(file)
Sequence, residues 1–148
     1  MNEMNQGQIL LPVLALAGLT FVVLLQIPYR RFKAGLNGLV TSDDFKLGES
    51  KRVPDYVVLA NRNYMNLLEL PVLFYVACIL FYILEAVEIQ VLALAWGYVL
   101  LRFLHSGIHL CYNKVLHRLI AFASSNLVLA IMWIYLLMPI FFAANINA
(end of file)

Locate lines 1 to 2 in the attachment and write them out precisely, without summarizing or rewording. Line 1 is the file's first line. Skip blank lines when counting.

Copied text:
Sequence, residues 1–148
     1  MNEMNQGQIL LPVLALAGLT FVVLLQIPYR RFKAGLNGLV TSDDFKLGES